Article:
Name: Jeanna Matuszak
Volunteers for: Big Brothers Big Sisters of Northeastern Wisconsin
Nominated by: Barbara Vo-Koldos
Nomination letter: “Jeanna has been there for Emily on a consistent basis for the last three years, not because she has to, but because she wants to.”
Tom Robinson retired from the business world years ago, but he’s hard at work every Tuesday to make things better for the residents of a Green Bay women’s shelter.
Jeanna Matuszak and Emily Klinter are sisters in just about every sense of the word except one: They were not born that way.
It took a couple of unfortunate twists of fate to bring these two young women together in a special friendship that has impacted both of them and brightened their lives.
Matuszak is a volunteer who has been Klinter’s big sister for nearly three years through Big Brothers Big Sisters of Northeastern Wisconsin. She is one of seven community volunteers being recognized in Press-Gazette Media’s “Seven Days of Giving” campaign this year to highlight people who volunteer their time and talents throughout the year.
Klinter, a 17-year-old junior at Pulaski High School, said her friendship with Matuszak has made a big difference in her growth as a person.
“We have a lot of fun together,” she said. “I look up to her.”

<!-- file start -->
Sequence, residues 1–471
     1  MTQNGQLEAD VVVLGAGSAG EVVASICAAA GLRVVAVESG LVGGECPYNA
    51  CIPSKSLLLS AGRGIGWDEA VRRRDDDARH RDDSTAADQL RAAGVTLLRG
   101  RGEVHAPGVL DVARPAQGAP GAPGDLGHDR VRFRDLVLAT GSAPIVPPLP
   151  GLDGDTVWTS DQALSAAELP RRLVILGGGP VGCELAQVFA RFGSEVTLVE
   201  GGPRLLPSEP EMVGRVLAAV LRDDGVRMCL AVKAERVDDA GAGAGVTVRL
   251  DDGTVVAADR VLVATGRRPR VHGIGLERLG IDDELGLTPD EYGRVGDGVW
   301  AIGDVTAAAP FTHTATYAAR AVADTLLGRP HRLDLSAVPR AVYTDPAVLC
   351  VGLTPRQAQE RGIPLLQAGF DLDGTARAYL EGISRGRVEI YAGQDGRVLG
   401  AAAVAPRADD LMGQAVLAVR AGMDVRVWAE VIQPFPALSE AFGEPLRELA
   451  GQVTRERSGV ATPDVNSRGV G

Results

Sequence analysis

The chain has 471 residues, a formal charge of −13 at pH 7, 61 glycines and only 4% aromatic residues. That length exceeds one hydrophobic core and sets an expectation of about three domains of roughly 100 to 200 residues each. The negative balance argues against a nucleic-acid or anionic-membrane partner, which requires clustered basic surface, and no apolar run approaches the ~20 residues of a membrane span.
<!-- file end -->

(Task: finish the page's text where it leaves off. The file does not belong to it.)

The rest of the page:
Matuszak, 26, of Howard, knows well the impact that an adult role model can make on a child. After her father died in a plane crash when she was 7, Matuszak got involved in Big Brothers Big Sisters and had a big sister to lean on during some difficult years.
As an adult, Matuszak decided to get involved again and help another young girl the same way.
Officials cautioned her that Klinter had special needs because of developmental disabilities stemming from a brain tumor removal at age 2. The girl’s parents hoped a big sister could help her build some self-confidence heading into the crucial high school years.
It worked out well because Matuszak’s job working with disabled adults gave her unique insights into communicating with her new friend.
“Emily and I are just a perfect match,” she said. “I’m able to get her out of her shell.”
Since early 2010, the two have spent countless hours together, perfectly at ease with each other whether they are dancing to a TV video game, singing along with the car radio, volunteering at an animal shelter or baking cookies for a nursing home.
Although Klinter will graduate from Big Brothers Big Sisters when she turns 18, Matuszak said they plan to remain friends.
Klinter’s mother, Kay Klinter, said the relationship has made immeasurable differences in her daughter’s growth, boosting her self-esteem and teaching her to become more sociable.
“It’s been a gift. I’m not kidding,” she said.
Referring to her daughter, she added: “Their relationship has had a great impact on who she’s becoming.”
— firstname.lastname@example.org and follow him on Twitter @pgscottwilliams.